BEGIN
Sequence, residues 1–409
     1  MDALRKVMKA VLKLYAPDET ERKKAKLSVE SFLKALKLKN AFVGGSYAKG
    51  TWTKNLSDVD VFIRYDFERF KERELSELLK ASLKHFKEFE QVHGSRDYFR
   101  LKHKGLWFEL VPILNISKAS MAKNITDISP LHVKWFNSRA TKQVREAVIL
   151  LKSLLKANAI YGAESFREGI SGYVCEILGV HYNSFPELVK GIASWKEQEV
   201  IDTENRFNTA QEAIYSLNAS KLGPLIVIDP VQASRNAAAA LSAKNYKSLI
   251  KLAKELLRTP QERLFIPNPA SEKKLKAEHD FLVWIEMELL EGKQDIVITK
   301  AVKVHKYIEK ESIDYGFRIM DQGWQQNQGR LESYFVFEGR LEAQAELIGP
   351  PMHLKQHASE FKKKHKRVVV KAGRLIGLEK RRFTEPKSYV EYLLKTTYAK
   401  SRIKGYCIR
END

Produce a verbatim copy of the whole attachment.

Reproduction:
Sequence, residues 1–409
     1  MDALRKVMKA VLKLYAPDET ERKKAKLSVE SFLKALKLKN AFVGGSYAKG
    51  TWTKNLSDVD VFIRYDFERF KERELSELLK ASLKHFKEFE QVHGSRDYFR
   101  LKHKGLWFEL VPILNISKAS MAKNITDISP LHVKWFNSRA TKQVREAVIL
   151  LKSLLKANAI YGAESFREGI SGYVCEILGV HYNSFPELVK GIASWKEQEV
   201  IDTENRFNTA QEAIYSLNAS KLGPLIVIDP VQASRNAAAA LSAKNYKSLI
   251  KLAKELLRTP QERLFIPNPA SEKKLKAEHD FLVWIEMELL EGKQDIVITK
   301  AVKVHKYIEK ESIDYGFRIM DQGWQQNQGR LESYFVFEGR LEAQAELIGP
   351  PMHLKQHASE FKKKHKRVVV KAGRLIGLEK RRFTEPKSYV EYLLKTTYAK
   401  SRIKGYCIR